If the band or performer or DJ you’ve selected doesn’t have the energy to get butts on the dance floor, then that reception is a sinking ship that cannot be saved. But as soon as Mr. Brown jumps into “Get Up Offa That Thing,” even your rhythmless aunt with the bum knee is gonna shake a leg — her good leg, that is. And look, we’ll just all agree to turn away when James closes the evening with “Sex Machine”… and sings it directly to your grandmother.

Emma Arendoski (Founder, Emmaline Bride)
Twitter: @EmmalineBride

If I could choose one band or singer (past or present) to play my wedding reception, it would be Frank Sinatra.  At the risk of sounding cliché, it would be pretty amazing to hear Ol’ Blue Eyes himself crooning The Way You Look Tonight and It Had to Be You.  A style of music that encourages guests of all ages to get up and dance is always a plus… and classic, timeless tunes never go out of style.

Ian (Author, A Groom’s Diary)
Twitter: @agroomsdiary

The challenge of any band at a wedding is that it limits the genre of music that can be played. Even a great rock singers would have trouble doing a Michael Jackson cover. And it is for this reason that many couples end up hiring a DJ, so they can hear all of their favorite artists.  That balance is tough to replicate and tough to overcome…

With one exception.

The easy selection for my one artist for a wedding would be Bob Carlisle.

Many of you are probably saying, “Who is Bob Carlisle?” And the rest of you are probably saying, “Ian–are those your real calves?”  And to answer the second part first, yes, they are.  But while you may not know the name Bob Carlisle, you absolutely know his smash hit, Butterfly Kisses.

Much in the way that you should not be allowed to get married if you don’t break off in the middle of your first dance and start into a hilarious–and totally un-cliched–choreographed pop dance routine, no wedding should be deprived of this magical, and in no way creepy song.

It is the embodiment of a daughter’s love for his daughter, and we shouldn’t be turned off by the fact that it is completely uncomfortable and awful.  He loves his daughter.  I mean–it is really sweet!  “One part woman, the other part girl.” That’s totally what normal dads say!  And they always write songs about “sticking” things “all up in” their daughters!  Much in the way that this loving father, who is not allowed within 500 feet of an elementary school, “deserves” “a hug every morning and Butterfly Kisses at night”, your wedding deserves this amazing song to be played live!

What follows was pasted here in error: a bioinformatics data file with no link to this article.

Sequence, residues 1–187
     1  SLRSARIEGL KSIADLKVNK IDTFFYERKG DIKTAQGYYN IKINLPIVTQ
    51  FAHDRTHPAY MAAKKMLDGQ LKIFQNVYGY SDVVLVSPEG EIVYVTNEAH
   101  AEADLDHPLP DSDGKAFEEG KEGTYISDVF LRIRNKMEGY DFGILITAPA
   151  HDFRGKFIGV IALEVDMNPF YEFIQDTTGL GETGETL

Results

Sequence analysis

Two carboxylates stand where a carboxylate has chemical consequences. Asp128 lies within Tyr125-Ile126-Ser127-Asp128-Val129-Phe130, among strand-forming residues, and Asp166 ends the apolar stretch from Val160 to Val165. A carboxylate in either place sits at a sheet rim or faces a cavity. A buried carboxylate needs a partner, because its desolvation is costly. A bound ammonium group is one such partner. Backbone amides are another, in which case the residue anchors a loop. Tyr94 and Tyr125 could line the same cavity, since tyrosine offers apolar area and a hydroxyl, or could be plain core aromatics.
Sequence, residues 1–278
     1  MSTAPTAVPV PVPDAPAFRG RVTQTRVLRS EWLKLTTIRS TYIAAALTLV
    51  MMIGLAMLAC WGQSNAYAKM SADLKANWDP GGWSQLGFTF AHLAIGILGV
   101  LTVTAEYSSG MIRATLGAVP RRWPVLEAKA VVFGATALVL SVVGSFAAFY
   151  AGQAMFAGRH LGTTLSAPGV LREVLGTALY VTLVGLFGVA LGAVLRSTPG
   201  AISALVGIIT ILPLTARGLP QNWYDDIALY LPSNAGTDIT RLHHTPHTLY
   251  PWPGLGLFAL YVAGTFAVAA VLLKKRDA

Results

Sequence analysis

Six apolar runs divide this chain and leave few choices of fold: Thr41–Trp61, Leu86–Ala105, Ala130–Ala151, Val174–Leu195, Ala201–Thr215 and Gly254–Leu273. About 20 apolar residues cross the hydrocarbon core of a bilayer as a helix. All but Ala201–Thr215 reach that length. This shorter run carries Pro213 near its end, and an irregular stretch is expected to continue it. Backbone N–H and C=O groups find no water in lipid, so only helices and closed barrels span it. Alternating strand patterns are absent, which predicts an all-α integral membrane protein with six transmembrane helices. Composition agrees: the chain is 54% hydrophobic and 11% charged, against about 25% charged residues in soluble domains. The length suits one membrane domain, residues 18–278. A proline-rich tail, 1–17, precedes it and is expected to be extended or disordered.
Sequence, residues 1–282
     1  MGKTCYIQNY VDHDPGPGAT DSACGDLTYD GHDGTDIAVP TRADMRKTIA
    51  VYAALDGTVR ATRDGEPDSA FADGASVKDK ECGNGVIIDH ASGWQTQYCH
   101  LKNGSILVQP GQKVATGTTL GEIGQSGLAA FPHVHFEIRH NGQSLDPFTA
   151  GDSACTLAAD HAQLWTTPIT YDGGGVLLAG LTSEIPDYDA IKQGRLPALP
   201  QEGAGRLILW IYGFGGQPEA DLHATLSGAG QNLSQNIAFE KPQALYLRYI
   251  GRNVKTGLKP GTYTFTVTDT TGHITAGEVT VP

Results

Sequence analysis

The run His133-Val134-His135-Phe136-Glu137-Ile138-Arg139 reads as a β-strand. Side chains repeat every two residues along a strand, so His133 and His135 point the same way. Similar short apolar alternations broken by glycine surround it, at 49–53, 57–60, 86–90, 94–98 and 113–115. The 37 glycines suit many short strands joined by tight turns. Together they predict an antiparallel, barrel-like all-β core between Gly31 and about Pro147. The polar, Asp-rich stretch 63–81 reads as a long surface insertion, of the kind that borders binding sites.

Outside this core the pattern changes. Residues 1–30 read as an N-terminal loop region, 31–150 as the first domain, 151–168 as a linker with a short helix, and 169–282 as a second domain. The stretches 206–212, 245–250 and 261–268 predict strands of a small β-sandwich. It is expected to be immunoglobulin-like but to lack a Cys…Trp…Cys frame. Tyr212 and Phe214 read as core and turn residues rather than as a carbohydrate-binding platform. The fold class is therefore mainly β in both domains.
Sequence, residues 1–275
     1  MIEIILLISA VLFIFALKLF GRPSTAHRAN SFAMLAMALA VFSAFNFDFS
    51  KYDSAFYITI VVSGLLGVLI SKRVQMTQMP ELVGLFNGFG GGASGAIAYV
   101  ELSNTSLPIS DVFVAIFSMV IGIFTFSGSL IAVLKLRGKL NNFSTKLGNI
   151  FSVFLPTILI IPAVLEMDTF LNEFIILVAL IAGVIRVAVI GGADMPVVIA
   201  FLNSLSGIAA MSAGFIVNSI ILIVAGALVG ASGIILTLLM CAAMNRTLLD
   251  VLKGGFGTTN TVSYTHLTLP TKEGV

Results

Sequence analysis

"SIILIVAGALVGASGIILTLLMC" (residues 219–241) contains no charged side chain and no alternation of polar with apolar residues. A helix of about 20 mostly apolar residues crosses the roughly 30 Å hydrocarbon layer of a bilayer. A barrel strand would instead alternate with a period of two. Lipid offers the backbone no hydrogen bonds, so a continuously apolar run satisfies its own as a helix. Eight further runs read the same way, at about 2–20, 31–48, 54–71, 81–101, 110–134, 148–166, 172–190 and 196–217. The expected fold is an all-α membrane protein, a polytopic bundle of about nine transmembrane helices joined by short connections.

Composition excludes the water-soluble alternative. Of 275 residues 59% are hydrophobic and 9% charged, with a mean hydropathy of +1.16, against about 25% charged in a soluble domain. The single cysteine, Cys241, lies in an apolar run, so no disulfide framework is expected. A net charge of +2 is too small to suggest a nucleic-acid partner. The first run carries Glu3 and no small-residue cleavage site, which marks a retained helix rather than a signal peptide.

Marta Block (Editorial Director, GigMasters.com)
Twitter: @Gigmasters

I’ve been vocally and publicly in love with David Bowie since I was thirteen years old, but I don’t think I’d want the Thin White Duke to play at my wedding. For one thing, it would be sort of awkward for my husband when I tried to leave the reception with the entertainment. Instead, I think I’d chose the Stray Cats! What? For starters, I was a teen in the 1980s, so their music is part of the soundtrack of my life. More importantly though, The Stray Cats is what any good wedding band is, they’re versatile. They can play any sort of music and make it their own. For me the most important things in wedding music are versatility, showmanship, and dancing. Stray Cats definitely fit the bill.

Now it’s your turn to answer the question. Take to the comment section and tell us your dream choice for wedding entertainment.

Expert Forum: What Are the Top 2013 Groom Trends?

Monday, January 14th, 2013

After another solid year for grooms, it’s time to look ahead to what 2013 has to offer. Instead of just listing our favorite new groom trends, we’ve invited some of our favorite experts in the wedding industry to also weigh in.

2013 groom wedding trends

2013 promises to be another great year for creative groom trends.

What’s your favorite groom trend for 2013?

Chris Easter (Co-Founder, TheManRegistry.com)
Twitter: @chriseaster